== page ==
Re: Florida




wizardry

@140.254.245.x
reply to elray

Re: Utter nonsense!

They must have surveyed yuppies since they rank internets above school quality

bpratt

join:2006-10-24
Redwood City, CA

1 recommendation

reply to tshirt

Re: No survey: How many would pay 10% more?

I went thru exactly this math. I live in the heart of Silicon Valley, yet my home was in a dead spot with no high speed Internet option aside from satellite (no DSL, no cable, no line of sight for microwave, no 4G signal). I'm 100% sure that the 15K I spent to get conduit run and cable installed will be a drop in the bucket compared to how much it would cost me if/when I sell and there was no Internet available.


Mr Guy

@charter.com
reply to elray

Re: Utter nonsense!

said by elray:

Please, someone, anyone, show me comparable homes in comparable neighborhoods, where the sole distinction is poor broadband, such that I can buy them for 20% less.
Even at the very low US median of $188K, that's over $35K in savings.

The website's sampling methodology is complete garbage - it is counting browser search selections, not correlating sales prices to actual broadband speeds.

You do realize this was in the UK.


Insight

@btcentralplus.com
reply to Anomon

Re: Florida

Well said !!
Many are living in the now, unaware of their futures and how they WILL change as adults over time.

Chubbysumo

join:2009-12-01
Superior, WI
Reviews:
·Charter

1 recommendation

reply to IowaCowboy

Re: Same for renters

My mother in law moved to an apartment that had an exclusive deal with mediacom. You had to pay mediacom no matter what, and most of the residents there went with Dish or DirecTV, seriously, and the internet was spotty as shit, not working half the time, and mediacom could care less to send anyone out, since their "base price" was worked into your rent. These kinds of exclusive things are now illegal in most states, but that does not stop a monopoly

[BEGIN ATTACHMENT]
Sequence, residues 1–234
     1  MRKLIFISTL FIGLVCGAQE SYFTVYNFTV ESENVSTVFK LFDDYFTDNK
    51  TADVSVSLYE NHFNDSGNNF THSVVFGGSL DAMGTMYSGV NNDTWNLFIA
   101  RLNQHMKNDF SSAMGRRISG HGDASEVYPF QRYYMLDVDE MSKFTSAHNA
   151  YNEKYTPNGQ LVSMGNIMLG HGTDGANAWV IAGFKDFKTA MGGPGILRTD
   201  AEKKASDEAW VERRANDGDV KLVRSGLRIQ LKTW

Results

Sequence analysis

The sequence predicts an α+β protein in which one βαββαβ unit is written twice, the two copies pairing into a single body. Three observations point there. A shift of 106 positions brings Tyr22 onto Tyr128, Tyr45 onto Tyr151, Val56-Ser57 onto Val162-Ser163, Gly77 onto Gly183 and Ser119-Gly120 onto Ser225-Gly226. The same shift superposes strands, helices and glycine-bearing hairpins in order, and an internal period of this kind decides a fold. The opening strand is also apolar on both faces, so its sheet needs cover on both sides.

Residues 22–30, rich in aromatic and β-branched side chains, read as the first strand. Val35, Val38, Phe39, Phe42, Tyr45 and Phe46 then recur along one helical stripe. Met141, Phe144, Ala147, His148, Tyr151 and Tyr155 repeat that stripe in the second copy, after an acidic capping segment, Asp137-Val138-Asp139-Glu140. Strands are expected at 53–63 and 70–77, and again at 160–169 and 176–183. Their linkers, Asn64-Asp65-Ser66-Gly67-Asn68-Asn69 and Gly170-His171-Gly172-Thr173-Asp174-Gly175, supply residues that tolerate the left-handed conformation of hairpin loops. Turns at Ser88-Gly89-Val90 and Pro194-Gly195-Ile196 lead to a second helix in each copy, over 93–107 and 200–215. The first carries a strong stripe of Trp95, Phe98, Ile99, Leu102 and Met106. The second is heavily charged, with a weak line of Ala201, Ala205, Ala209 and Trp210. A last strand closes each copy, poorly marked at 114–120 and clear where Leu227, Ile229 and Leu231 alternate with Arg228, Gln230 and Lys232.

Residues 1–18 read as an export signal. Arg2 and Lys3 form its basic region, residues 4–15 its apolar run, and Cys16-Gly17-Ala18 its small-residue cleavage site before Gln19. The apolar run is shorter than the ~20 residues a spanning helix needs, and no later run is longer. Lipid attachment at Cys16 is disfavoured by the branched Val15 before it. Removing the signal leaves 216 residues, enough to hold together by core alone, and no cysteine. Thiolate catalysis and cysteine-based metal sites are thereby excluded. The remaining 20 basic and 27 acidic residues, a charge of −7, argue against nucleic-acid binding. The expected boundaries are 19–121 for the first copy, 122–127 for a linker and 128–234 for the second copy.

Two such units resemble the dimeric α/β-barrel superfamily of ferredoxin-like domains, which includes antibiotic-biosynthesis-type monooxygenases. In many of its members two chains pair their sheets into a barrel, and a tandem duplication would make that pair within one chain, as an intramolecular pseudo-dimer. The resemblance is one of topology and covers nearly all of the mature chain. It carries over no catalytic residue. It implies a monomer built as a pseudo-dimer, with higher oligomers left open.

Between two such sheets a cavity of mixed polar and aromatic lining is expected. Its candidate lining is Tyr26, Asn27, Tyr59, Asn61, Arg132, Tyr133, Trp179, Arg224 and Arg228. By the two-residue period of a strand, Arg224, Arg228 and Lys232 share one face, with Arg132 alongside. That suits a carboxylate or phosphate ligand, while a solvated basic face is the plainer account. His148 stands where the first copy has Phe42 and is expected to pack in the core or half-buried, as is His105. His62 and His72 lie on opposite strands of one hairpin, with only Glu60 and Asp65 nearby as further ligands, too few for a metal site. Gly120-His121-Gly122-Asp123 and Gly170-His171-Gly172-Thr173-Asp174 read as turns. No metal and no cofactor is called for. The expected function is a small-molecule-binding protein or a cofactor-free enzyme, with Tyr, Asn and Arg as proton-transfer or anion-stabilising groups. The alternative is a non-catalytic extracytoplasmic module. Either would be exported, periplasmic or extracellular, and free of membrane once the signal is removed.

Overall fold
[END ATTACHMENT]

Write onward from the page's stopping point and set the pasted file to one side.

Skippy25

join:2000-09-13
Hazelwood, MO

1 recommendation

reply to tshirt

Re: No survey: How many would pay 10% more?

Again you mislead, as that is what you do best.

First off, you have no idea how many successful muni's there are compared to failed. From what I read, there are far more success stories than failures.

Second, you have no idea how many of the muni's were done completely without putting taxpayers at risk as they could have very well be bonded without government gaurantee. Which, to the best of my knowledge, is the most common bond sold in the US.

Third, you have no idea how much more someone is willing to pay for a home that already has FTTH or is being built and they have the option of choosing this.

Lastly, when I move I will not buy a home that does not have at least 500mpbs service. Therefore, any home that does not have that is worth $0 to me thus broadband adds 100% value to the home.

tmc8080

join:2004-04-24
Brooklyn, NY
Reviews:
·ooma
·Optimum Online
·Verizon FiOS

watch closely...

with all the anti-consumer moves being done by AT&T, Verizon and Comcast.. that puts plenty of homes in the lower value category! WEST VIRGINIA THANKS YOU, VERIZON!
you can also look at another calculus-- the horrible state of competition between providers and their broadband costs.. that also puts a crimp on affordability. if you can get broadband and not afford it, what good is the home you buy/rent?!?
while I'm not going to say that Kansas City Ks & Mo are going to go up in value just because google fiber landed... but it's quite possible a city like Austin TX could end up with real estate values similar to that of California.

With some luck maybe there will finally be political pressure put on incumbent ISPs to keep deploying faster networks and offering MORE for le$$, instead of LE$$ for MORE.